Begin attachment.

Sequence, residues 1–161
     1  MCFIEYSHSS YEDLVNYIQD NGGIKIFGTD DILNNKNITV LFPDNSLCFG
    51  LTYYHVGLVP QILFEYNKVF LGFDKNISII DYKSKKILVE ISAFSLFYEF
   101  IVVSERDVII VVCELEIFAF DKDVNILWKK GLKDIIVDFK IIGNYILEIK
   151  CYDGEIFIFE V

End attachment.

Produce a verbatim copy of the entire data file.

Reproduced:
Sequence, residues 1–161
     1  MCFIEYSHSS YEDLVNYIQD NGGIKIFGTD DILNNKNITV LFPDNSLCFG
    51  LTYYHVGLVP QILFEYNKVF LGFDKNISII DYKSKKILVE ISAFSLFYEF
   101  IVVSERDVII VVCELEIFAF DKDVNILWKK GLKDIIVDFK IIGNYILEIK
   151  CYDGEIFIFE V